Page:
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Old 17-12-2015, 09:03   #16
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Re: Going hard to wind, main sail trim.

Don't understand everything tight and then moving the traveler hard to windward. That generally overpowers the main and produces more heel. The only time I would consider moving the traveler to windward in heavier air is when you also ease the main and twist off the top of the sail.

Also, as others have suggested, with your "downhaul" on hard, tighten the backstay to move the draft back a little and narrow the angle of entry on the luff of the main.
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Old 17-12-2015, 09:12   #17
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Re: Going hard to wind, main sail trim.

Quote:
Originally Posted by thomm225 View Post
It's synonymous with Cunningham.

Used to tighten the luff of the mainsail

On racing beachcats, we had 8 to 1 downhaul. We tightened the luff as much as possible on windy days along with more mast prebend to flatten the main as much as possible. Some folks also raked their masts further back, and some didn't

Some folks feathered their jibs if it got really windy
That's what I thought. When racing we usually adjust the cunningham or foreguy. If someone used the term downhaul, no one would know what they were talking about. But it occurred to me that in some circles foreguys and cunninghams are referred to as types of downhauls - either that or it's an entirely different piece of equipment I am unfamiliar with, which is always a possibility..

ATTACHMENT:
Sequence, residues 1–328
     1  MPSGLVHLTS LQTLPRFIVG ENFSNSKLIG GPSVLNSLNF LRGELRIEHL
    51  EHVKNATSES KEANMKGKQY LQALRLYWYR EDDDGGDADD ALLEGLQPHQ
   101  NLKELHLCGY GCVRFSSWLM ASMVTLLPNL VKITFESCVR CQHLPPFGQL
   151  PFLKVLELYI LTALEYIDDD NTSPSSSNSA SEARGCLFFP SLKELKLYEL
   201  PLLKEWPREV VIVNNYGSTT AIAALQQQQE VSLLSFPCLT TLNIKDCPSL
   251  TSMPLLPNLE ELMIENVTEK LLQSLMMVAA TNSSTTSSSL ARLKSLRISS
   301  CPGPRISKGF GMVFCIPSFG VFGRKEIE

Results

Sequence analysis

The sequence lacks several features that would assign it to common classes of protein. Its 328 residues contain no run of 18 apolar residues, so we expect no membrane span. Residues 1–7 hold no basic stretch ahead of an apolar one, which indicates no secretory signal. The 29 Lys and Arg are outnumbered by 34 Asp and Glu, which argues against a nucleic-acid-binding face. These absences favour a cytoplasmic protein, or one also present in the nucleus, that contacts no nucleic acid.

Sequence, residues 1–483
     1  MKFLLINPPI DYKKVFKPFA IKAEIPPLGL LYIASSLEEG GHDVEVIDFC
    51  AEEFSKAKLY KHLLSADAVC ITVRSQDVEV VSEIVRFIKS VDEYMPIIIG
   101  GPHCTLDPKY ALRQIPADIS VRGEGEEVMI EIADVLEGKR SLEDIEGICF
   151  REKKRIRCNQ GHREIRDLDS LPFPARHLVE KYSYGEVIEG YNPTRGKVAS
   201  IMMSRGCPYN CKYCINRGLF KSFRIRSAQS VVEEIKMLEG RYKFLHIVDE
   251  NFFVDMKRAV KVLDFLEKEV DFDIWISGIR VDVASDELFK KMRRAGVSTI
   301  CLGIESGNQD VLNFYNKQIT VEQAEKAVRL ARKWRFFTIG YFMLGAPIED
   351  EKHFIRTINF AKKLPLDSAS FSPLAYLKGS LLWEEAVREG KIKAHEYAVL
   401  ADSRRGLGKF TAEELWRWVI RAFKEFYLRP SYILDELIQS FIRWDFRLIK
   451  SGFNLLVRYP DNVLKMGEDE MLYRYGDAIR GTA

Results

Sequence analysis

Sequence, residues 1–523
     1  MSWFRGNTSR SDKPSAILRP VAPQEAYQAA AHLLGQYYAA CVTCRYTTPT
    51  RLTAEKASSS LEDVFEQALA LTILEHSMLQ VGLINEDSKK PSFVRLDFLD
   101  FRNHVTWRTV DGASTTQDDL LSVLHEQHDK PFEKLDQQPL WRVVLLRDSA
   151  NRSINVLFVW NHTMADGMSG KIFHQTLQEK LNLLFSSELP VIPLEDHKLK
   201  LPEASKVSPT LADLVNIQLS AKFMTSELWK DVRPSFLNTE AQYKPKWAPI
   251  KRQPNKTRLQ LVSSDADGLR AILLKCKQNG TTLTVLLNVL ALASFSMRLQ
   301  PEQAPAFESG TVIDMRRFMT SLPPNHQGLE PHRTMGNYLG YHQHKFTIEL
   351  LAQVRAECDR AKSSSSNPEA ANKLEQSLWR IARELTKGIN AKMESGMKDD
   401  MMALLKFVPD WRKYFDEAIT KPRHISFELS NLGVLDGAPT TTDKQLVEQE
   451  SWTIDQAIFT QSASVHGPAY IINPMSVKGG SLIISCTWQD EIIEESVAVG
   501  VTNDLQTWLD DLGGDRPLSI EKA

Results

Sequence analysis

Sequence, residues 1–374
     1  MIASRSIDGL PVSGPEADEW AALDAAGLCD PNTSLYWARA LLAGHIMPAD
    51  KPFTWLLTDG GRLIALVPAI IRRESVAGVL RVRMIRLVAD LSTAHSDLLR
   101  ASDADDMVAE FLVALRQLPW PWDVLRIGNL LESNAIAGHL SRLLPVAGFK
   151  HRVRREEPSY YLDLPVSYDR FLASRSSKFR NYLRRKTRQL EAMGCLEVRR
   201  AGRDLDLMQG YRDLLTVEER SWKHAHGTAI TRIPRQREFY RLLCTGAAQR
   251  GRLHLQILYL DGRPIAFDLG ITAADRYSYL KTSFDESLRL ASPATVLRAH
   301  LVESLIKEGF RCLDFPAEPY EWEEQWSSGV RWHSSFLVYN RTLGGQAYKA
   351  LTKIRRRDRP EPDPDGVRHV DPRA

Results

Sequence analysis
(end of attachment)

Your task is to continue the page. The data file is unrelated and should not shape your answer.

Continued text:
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Old 17-12-2015, 09:20   #18
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Re: Going hard to wind, main sail trim.

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Originally Posted by OldFrog75 View Post
Don't understand everything tight and then moving the traveler hard to windward. That generally overpowers the main and produces more heel.
You can always add more rail meat!

https://www.google.com/search?q=trap...ckEwyN0KvaM%3A

Maybe his "first mate" would sit out as far as possible on the windward side. (or he could rig a trapeze line and she can trap out over the water!)

https://www.google.com/search?q=trap...nM050oe17IM%3A

https://www.google.com/search?q=trap...adNqHH9Mb5M%3A
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Old 17-12-2015, 09:23   #19
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Re: Going hard to wind, main sail trim.